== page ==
The FCA has warned CEOs that how a firm handles non-financial misconduct is indicative of a firm's culture. It is the FCA's view that embedding healthy cultures includes, therefore, taking steps to address the discrimination, harassment and bullying that remains "prevalent" in firms.
In a 'Dear CEO' letter (the Letter), which follows recent incidents in the wholesale general insurance sector, the FCA considers the need for fundamental change in firms' culture and calls on leaders to bring about that change.
This area will be a key area of supervisory focus and all firms need to address the FCA's concerns. CEOs are expected to:
- share the Letter with their senior executive committees and Boards (or equivalent);
- consider whether there are any gaps between firms' and the FCA's expectations; and
- act promptly to remedy any such gaps.
The FCA argues that there is a direct link between poor culture in financial services and the risk of harm to consumers, market participants, employees and markets. In addition to the FCA's initiatives to improve culture more generally at regulated firms, there has been increased focus from the FCA on non-financial misconduct and its link to unhealthy cultures in financial services firms. The PRA takes a similar view on the root cause of misconduct being culture and governance.
In a recent speech given by Nausicaa Delfas in June 2019, it was noted that tolerance of non-financial conduct (such as serious personal misbehaviour, bullying, sexual discrimination or sexual misconduct in the workplace) "would be a clear example of a driver of unhealthy culture". An earlier letter from Megan Butler to Maria Miller, Chair of the Women and Equalities Committee, in September 2018 also confirmed that the FCA considers "sexual harassment as misconduct which falls within the scope of our regulatory framework".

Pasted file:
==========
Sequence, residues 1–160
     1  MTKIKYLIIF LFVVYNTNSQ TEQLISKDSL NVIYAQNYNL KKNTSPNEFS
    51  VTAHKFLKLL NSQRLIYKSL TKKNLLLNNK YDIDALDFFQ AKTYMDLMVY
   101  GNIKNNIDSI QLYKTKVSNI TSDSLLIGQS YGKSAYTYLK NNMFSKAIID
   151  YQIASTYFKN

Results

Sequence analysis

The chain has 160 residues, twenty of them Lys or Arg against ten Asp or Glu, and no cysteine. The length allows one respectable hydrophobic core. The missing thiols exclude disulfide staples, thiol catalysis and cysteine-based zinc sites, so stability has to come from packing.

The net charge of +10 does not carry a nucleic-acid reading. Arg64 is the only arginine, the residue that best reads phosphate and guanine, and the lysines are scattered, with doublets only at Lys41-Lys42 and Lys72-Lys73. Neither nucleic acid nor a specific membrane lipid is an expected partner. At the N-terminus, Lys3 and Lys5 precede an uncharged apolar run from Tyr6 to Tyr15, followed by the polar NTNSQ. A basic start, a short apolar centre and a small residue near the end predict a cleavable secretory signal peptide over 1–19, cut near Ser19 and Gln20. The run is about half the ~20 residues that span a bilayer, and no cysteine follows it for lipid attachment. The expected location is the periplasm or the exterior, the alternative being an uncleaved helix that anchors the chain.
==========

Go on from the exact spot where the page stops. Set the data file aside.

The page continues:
The Letter, sent by Jonathan Davidson, Executive Director of Supervision, Retail and Authorisations at the FCA, highlights the FCA's expectation that senior managers should play a key part in encouraging healthy cultures, and that there needs to be appropriate leadership to address non-financial misconduct.
The FCA considers that the SMCR provides it with an additional tool to encourage cultural change in firms, and the way senior managers tackle cases of non-financial misconduct could be relevant to the FCA's assessment of an individual's fitness and propriety. The Letter confirms that "a senior manager's failure to take reasonable steps to address non-financial misconduct could lead us to determine that they are not fit and proper."
Given the recent extension of the SMCR to most solo-regulated firms on 9 December 2019, the Letter is a timely reminder to firms and senior managers that the FCA will take a holistic view when assessing an individual's fitness and propriety, and when carrying out its ongoing supervisory work.
This area will likely continue to be challenging for firms while the relevant compliance and employment processes are embedded into systems and controls as SMCR becomes fully implemented across the regulated industry.
The FCA has also noted that it will continue to work with the PRA on the interaction between conduct and regulatory compliance, and will carry out more supervisory work to assess how firms are meeting its expectations.
If you would like to know more about dealing with conduct issues as they arise in a regulated context, listen to our Regulation in Focus Podcast Episode 2, where our London partners Hywel Jenkins (contentious financial services regulatory) and Christine Young (employment) discuss their top five tips for dealing with employee misconduct investigations.
The content of this article is intended to provide a general guide to the subject matter. Specialist advice should be sought about your specific circumstances.